Energy In Depth's Shawn "Two major pipeline announcements were made last week that will help relieve the proposed bottleneck of natural gas liquids (NGLs) being produced in Ohio, West Virginia, and western Pennsylvania. The Appalachia-to-Texas Express (ATEX) Pipeline and the Bluegrass Pipeline are both currently being constructed to transport the growing NGL output to rapidly expanding marketplaces and chemical manufacturers who use these liquids as feedstock.
Pipeline infrastructure has been a hot topic in Ohio since Utica Shale development has turned up a plethora of NGLs. This commodity brings with it many benefits for operators and landowners, since it sells at a premium compared to natural gas. But delivering this value to consumers and Ohio businesses has suffered from a bottleneck, owing to a limited pipeline infrastructure.
Currently, Ohio has seven natural gas processing plants costing over $7.2 million in different stages of operation and construction. The MarkWest Plant in Cadiz is already processing 185 Mmcf/d, with more capacity to be online later this year, while the M3 plant’s first phase is scheduled to come online this summer. Even with those plants processing NGLs, operators are still forecasting a bottleneck in transmission that threatens to further slow down development.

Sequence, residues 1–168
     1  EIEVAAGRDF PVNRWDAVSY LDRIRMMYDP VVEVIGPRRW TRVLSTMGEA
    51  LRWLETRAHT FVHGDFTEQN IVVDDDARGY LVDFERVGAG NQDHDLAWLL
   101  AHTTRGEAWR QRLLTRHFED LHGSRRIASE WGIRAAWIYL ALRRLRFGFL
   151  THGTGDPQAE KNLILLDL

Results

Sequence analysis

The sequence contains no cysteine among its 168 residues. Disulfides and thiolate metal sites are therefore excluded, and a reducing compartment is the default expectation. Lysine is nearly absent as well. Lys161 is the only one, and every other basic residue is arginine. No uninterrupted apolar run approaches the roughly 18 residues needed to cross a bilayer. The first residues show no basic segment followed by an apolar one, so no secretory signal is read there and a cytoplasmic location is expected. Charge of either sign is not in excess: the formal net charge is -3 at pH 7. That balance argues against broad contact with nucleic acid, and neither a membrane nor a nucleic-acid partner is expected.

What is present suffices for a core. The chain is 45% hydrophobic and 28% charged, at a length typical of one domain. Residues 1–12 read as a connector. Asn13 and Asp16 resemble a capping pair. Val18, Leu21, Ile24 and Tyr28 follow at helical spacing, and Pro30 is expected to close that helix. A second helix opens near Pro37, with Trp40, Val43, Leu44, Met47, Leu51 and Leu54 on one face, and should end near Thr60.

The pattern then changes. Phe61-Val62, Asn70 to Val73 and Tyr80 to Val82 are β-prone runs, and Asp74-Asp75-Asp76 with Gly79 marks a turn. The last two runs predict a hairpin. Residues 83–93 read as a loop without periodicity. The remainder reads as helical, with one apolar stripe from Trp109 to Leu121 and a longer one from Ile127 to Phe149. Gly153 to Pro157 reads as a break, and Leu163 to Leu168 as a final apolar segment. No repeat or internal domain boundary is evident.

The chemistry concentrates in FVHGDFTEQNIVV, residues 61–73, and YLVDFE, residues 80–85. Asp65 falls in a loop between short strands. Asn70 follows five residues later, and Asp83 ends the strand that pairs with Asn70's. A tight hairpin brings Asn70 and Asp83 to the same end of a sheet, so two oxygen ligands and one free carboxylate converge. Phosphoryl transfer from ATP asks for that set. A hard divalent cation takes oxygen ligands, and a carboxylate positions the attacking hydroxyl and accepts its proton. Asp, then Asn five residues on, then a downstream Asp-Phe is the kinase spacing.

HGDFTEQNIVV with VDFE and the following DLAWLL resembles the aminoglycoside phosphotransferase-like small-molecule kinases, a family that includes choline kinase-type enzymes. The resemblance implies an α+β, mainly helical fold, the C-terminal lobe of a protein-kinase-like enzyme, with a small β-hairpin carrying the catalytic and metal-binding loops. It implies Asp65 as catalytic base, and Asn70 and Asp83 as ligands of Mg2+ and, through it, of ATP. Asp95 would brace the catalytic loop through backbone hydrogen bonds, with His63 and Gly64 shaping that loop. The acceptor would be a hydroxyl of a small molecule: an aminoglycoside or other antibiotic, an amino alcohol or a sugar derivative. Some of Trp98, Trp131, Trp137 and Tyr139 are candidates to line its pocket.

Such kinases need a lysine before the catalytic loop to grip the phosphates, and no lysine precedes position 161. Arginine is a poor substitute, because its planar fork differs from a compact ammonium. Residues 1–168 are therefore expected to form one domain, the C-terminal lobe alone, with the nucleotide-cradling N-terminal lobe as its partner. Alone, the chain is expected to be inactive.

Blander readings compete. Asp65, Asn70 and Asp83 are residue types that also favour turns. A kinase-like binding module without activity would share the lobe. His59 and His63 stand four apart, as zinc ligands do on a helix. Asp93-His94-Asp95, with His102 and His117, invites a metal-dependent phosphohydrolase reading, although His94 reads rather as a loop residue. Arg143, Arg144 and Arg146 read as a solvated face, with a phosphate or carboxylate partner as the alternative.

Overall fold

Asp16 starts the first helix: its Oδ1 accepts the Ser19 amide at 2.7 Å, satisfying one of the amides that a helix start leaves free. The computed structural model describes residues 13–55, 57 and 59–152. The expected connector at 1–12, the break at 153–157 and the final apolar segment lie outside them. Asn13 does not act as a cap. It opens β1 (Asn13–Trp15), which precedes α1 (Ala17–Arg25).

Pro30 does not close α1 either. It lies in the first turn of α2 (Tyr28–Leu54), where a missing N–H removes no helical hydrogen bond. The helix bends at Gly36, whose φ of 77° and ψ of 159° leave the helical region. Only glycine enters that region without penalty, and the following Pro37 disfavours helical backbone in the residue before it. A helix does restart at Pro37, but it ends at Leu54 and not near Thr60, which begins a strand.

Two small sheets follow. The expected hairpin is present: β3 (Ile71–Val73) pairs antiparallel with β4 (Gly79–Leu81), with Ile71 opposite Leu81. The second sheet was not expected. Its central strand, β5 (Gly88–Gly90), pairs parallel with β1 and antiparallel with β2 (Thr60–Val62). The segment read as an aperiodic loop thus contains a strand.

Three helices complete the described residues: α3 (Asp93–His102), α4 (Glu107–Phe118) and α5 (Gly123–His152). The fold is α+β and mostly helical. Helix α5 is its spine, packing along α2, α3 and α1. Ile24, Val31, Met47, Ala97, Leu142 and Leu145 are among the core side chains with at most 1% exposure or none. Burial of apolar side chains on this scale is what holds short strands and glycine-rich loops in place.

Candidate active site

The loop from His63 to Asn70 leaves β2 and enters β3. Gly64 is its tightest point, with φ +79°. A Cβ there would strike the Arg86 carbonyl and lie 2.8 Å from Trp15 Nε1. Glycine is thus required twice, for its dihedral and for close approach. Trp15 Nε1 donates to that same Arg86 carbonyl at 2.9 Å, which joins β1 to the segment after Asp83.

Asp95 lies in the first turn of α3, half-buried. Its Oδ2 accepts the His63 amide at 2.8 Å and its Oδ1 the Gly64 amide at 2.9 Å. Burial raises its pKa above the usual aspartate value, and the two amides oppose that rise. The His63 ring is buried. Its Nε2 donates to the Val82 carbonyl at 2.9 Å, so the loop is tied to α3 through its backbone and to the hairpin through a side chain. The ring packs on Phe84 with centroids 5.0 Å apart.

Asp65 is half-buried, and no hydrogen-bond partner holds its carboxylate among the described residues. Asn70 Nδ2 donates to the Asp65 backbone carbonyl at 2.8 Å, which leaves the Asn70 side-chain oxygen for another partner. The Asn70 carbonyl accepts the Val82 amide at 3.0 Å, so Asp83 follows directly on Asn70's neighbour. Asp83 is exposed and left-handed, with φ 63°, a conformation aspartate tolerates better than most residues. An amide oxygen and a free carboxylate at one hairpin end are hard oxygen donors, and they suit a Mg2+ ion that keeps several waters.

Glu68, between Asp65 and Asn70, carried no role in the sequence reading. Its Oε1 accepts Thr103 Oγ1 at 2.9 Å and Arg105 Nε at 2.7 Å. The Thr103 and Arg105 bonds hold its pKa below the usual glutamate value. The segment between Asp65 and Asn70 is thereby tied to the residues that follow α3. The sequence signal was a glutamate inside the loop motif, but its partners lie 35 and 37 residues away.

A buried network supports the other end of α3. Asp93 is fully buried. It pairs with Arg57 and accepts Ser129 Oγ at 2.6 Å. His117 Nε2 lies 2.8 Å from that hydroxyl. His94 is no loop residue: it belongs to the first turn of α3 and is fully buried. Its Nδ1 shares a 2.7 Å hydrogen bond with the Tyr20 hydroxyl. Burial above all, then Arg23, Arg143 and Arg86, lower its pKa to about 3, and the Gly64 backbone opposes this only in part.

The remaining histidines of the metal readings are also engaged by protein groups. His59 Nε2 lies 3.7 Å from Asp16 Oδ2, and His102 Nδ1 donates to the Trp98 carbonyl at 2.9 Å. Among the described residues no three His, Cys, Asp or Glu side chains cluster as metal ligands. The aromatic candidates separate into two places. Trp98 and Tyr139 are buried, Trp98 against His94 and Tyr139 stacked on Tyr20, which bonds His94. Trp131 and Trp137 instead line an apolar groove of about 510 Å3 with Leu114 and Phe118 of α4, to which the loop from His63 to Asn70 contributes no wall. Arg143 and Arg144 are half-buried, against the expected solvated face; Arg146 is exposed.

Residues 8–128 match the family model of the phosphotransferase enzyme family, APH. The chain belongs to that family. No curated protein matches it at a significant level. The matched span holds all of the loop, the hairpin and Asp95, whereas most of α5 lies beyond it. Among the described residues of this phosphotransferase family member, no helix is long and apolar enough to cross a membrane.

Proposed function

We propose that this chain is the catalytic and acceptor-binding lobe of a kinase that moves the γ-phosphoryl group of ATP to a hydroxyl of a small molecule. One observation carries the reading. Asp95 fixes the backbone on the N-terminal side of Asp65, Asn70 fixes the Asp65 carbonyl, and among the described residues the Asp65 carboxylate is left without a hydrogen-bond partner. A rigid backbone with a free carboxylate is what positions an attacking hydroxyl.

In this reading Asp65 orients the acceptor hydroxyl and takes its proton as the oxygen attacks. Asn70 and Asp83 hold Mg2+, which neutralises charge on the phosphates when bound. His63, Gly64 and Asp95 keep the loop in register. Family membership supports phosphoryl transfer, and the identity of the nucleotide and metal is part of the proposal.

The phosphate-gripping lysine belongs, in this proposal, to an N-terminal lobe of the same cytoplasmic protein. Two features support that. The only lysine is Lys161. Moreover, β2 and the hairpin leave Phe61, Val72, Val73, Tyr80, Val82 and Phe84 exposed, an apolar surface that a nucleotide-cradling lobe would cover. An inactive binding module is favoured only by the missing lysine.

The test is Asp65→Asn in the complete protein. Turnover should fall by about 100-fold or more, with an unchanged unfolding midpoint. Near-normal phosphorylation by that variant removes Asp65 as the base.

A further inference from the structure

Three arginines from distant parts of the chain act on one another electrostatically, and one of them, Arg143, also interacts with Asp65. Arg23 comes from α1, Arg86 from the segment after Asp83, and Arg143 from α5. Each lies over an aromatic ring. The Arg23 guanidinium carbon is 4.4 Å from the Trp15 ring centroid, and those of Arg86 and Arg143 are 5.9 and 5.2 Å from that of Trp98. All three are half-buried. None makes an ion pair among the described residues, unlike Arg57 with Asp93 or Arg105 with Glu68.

It has been estimated that the western Marcellus and Utica has the potential to produce 500,000 barrels of NGLs a day by 2018. To put that in perspective, Dominion’s Natrium Plant in West Virginia is only able to process 200 Mmcf/d and fractionate 36,000 barrels of NGLs per day. This is only seven percent of the region’s potential by 2018.
That sounds a bit technical, but it basically boils down to this: If the infrastructure is not in place to handle this added capacity of natural gas liquids, operators will be forced to slow down development – costing Ohio billions of dollars in investment and putting at risk thousands of jobs for our residents."
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